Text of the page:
“I dislike the internet, by the way, and particularly dislike that I rely upon it so much. Yeah, I’m a writer who puts his stuff out on the internet by choice, so this sound hypocritical perhaps, except nuanced criticisms are the language of complex thought. My reliance upon the internet and my dislike of internet communication co-exist, helping remind myself that disembodied communication is inadequate for many things. You don’t know what I look like in the rain, I don’t know what your face looks like when you experience my words–there are things we don’t know about each other that are necessary to social knowledge. It’s horribly easy to forget this, which is why so many internet arguments on Paganism (or, like every other topic on earth) devolve to endless frustrated attempts to communicate. I think, in “internet” writing, we forget that the written word has a very specific place and very specific modality of expression, and then attempt to add other modes of expression into it (and thus our reliance on emoticons, as in “this is what my face might look like when I say this). The written word actually cannot embody so much inhabited meaning–as it attempts to become more than it is, it becomes poetry, which is useless for everyday communication as it requires a lifetime to fully understand a poem.” – Rhyd Wildermuth, on why he dislikes the Internet, and what doesn’t fit in a rucksack.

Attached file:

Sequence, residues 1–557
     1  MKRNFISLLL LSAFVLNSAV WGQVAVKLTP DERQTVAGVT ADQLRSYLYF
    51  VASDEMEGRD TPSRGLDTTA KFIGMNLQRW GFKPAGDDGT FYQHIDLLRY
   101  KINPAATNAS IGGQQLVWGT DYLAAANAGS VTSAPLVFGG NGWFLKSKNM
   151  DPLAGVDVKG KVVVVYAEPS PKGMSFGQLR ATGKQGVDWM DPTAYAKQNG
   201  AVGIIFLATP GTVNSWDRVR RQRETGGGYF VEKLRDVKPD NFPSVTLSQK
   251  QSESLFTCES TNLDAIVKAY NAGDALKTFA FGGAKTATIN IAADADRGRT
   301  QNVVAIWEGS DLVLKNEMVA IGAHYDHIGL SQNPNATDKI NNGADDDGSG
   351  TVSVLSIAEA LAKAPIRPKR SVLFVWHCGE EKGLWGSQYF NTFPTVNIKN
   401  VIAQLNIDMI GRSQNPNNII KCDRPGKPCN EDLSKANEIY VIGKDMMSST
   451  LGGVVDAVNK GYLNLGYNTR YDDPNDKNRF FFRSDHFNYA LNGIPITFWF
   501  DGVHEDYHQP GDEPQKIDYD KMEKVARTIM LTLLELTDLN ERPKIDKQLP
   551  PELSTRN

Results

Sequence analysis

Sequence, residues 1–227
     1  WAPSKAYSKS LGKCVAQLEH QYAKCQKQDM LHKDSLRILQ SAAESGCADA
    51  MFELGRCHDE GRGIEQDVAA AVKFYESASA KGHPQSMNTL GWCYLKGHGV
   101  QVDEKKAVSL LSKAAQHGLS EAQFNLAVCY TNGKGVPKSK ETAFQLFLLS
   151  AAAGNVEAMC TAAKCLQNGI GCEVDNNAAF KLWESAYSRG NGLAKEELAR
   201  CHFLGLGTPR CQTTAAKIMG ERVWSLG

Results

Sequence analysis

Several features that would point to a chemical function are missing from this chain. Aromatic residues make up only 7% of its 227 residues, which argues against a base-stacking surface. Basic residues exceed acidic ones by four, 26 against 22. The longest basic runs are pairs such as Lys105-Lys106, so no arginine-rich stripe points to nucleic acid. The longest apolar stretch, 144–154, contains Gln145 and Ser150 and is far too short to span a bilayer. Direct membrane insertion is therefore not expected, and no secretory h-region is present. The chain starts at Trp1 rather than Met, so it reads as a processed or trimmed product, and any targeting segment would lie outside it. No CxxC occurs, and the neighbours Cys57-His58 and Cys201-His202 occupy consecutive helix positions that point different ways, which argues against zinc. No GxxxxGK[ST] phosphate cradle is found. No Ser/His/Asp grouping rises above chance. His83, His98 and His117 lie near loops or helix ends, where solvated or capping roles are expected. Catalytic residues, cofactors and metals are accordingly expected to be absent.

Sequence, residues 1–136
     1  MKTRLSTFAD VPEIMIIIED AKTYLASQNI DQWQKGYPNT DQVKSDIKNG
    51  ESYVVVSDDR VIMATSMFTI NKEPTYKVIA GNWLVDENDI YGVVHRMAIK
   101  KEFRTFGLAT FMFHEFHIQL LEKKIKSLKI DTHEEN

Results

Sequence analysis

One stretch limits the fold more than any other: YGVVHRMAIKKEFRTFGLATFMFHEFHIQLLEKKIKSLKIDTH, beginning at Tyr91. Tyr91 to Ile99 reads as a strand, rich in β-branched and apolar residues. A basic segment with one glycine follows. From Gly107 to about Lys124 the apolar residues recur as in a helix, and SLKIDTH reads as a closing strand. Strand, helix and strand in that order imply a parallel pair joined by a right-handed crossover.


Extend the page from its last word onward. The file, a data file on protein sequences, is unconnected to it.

“Life goes on, somehow, like it always does, and suddenly it’s been four years. In the country I live in, most of the scars left by such an event would be tended to in some manner. The dead would be found and buried; ruined buildings would be demolished, and many great speeches about how everything would be rebuilt to be better than before would happen, and then everybody would get to work and right the wrong and fix things. Happy ending to a tragedy, proof of the true grit of the poor people who went through a sad time, right? Like Hurricane Katrina‘s aftermath, and like the aftermath for some of the harder-hit areas from Hurricane Sandy…the answer is no. No, it doesn’t get a happy ending, not yet, and maybe not ever. The palace ruins were finally taken down after two years (Can you imagine if Congress sat in ruins for two years?), but the cathedral ruins haven’t moved. Many people, including some of our family, left Port-au-Prince for the most part or entirely, and may not return. Promised aid trickles in, or it never arrived, or it was eaten up by corruption and mismanagement. MINUSTAH (the UN sanctioned “peacekeeping” force remaining in Haiti, despite the fact that Haiti isn’t at war) brought “help” after the earthquake in the form of anirresponsible platoon of soldiers who dumped sewage into a river and started a major cholera epidemic. Four years later, we can’t even get the UN to admit responsibility. There are still so many things that need to be done. How many more years will it take? I don’t know. I hate that I have no answer. I hate it as much as I did four years ago today.” – Mambo Chita Tann, on Haiti, four years after the massive earthquake that started a chain reaction of tragedy for that country.